The article suggests a range of activities from Nordic Walking, Gardening, Dancing, Bridge, Cycling and Book clubs.

Hazel has captured what we offer the over 50s at Sussex Physio Pilates perfectly. She talks about how all of our Pilates teachers are Chartered Physiotherapists and that we have 4 Platinum Pilates classes across the week.

The Platinum Pilates classes are a friendly Physio-based Clinical Pilates class dedicated to the needs of the over 50s that focus on muscle tone, balance, osteoporosis prevention/management, posture and reducing aches & pains.

Sussex Life Article

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Get a Work Out at Work

Patients sometimes remark that being a Physiotherapist doing assessments and manual therapy 'must keep you fit'.

I agree with them up to a point, it does indeed require a fair amount of physical work to do physiotherapy treatment, but a lot of the movements are quite repetitive. If I miss a lunch break then I might be a bit tired and achy by the end of the day. If I work over a certain number of hours then I'm achy by the end of the week. If I don't do extra fitness such as running or swimming then my upper back gets stiff from leaning over the treatment couch. On balance I would actually say that I need to keep myself fit for my work rather than relying on my job to keep me fit.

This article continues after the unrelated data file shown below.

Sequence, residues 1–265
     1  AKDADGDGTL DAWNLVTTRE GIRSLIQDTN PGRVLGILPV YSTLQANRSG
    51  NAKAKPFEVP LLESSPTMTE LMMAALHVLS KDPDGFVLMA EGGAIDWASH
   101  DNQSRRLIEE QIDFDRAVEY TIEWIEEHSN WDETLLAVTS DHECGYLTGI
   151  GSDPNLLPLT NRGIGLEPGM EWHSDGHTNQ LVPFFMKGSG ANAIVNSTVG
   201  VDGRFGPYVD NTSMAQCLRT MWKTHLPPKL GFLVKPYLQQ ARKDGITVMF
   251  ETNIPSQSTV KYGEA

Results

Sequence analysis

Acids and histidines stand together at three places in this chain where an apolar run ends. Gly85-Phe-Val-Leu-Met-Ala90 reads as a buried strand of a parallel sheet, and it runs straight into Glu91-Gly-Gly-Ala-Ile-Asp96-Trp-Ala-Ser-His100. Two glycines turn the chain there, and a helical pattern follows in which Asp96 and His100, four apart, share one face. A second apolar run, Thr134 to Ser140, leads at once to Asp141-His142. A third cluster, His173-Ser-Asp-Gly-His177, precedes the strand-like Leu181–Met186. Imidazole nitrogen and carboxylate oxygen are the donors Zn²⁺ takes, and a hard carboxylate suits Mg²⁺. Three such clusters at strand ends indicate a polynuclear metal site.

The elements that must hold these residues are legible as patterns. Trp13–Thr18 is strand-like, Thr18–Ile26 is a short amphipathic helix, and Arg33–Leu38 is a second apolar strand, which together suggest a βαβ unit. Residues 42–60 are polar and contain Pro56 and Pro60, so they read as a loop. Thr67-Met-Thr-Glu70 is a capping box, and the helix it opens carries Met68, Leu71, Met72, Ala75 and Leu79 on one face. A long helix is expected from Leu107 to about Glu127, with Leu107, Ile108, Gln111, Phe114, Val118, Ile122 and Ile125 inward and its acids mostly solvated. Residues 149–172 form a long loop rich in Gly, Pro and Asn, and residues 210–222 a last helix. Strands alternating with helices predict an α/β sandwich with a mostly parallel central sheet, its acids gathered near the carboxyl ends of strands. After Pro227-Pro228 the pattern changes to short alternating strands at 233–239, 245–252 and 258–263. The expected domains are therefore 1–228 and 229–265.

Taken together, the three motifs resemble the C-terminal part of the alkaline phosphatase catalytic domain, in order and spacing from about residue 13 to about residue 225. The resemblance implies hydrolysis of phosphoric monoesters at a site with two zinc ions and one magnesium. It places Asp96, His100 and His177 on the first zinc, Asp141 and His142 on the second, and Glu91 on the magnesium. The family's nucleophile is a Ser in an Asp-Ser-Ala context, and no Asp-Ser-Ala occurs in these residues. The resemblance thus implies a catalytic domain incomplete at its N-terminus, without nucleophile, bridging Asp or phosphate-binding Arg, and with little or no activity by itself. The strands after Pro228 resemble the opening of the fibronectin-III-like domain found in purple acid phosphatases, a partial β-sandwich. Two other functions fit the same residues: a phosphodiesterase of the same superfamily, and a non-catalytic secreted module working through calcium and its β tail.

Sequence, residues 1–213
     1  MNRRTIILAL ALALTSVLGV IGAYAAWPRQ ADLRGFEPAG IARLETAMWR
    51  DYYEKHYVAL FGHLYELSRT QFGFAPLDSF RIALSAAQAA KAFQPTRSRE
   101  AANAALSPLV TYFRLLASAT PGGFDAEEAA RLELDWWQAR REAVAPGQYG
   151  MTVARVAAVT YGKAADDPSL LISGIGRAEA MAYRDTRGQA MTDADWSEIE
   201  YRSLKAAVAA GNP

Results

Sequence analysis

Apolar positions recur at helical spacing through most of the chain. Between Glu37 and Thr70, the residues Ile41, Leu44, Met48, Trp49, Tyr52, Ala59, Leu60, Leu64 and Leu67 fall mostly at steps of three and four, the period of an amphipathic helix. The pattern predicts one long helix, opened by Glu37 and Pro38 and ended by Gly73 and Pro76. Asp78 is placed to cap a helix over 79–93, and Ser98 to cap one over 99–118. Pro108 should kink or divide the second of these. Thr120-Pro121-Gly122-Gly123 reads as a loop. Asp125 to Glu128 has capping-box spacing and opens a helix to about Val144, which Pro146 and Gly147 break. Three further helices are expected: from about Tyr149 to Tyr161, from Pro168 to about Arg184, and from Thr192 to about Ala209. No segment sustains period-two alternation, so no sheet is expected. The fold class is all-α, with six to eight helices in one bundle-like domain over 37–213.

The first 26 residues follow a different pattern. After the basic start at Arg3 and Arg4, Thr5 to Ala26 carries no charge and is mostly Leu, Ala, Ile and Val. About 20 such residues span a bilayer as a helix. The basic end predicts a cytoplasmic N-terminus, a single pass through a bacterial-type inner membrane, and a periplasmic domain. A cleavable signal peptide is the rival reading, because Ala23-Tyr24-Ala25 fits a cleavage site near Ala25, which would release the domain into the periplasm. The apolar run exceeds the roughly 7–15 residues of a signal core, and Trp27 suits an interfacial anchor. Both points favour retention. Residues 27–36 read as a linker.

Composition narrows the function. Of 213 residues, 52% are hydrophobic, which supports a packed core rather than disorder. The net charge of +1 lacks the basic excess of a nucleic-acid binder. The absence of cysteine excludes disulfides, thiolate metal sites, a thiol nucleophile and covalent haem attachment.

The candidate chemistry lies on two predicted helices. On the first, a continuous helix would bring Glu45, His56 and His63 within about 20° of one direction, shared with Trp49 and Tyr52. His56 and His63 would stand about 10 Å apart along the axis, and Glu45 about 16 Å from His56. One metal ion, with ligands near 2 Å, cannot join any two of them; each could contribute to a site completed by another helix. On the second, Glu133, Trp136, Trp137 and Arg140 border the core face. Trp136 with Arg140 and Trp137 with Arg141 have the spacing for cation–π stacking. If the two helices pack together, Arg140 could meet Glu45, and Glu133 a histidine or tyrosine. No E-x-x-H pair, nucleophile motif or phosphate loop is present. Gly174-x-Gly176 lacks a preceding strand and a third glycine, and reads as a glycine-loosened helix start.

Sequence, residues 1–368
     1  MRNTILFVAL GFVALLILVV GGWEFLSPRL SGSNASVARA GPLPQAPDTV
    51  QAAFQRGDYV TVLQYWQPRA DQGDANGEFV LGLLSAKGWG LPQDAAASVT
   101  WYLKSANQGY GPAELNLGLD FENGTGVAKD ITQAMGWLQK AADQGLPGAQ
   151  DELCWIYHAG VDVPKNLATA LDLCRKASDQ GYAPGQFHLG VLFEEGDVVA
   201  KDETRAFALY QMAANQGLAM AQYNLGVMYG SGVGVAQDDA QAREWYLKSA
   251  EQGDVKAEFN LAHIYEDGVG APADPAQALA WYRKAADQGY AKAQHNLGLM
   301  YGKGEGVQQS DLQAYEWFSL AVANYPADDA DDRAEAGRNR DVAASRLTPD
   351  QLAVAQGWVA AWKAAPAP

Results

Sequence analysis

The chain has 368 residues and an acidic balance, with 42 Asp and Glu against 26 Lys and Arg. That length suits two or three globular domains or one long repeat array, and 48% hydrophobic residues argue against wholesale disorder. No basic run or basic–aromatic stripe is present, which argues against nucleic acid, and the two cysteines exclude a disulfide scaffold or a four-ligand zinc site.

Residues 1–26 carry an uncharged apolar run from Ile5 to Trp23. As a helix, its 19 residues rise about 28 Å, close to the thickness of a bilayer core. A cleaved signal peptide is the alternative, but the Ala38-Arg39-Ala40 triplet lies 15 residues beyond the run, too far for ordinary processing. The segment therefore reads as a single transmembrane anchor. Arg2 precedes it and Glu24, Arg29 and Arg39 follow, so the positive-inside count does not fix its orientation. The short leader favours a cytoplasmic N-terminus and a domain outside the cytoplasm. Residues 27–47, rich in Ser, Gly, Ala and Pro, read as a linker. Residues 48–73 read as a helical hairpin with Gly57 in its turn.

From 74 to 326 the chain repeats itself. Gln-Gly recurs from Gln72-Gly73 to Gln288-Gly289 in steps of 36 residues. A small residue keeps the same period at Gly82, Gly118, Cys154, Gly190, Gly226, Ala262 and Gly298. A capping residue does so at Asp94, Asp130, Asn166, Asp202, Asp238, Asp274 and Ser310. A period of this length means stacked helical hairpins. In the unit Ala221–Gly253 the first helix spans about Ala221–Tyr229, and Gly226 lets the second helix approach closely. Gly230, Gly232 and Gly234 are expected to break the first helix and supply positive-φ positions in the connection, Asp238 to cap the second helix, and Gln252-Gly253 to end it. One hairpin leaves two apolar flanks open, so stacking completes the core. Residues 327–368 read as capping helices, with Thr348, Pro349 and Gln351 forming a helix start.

I am one of the lucky ones though. I am not sitting at a desk all day and my job does not require long hours of driving, talking on the phone or sitting in meetings. Many people's long tiring days are then finished off with a few precious minutes sitting on the sofa before bed and then the whole cycle starts again without the body having done many movements apart from sitting. So many jobs nowadays can be very sedentary with long hours driven by stressful deadlines and heavy work loads. I see many patients who's musculoskeletal problems seem to be prolonged by their static work postures.

This is why the Chartered Society of Physiotherapy is once again promoting WorkOut@Work (W@W!) for 2016.

http://www.csp.org.uk/news-events/events/workoutwork-2016

This is an established campaign which aims to:

'Inspire employees to address poor work habits e.g. not taking breaks or over-working, and increase levels of physical activity during the working day, so that health is improved and sickness absence reduced.'

In previous years employees have enjoyed a brisk lunch time walk, raised awareness of taking proper breaks away from their desks, completed cycle challenges, work based exercise classes or participated in desk based stretching sessions. These are all ways of creating a bit of variety from static postures, raising the heart rate and enjoying some post work-out endorphins during the working day.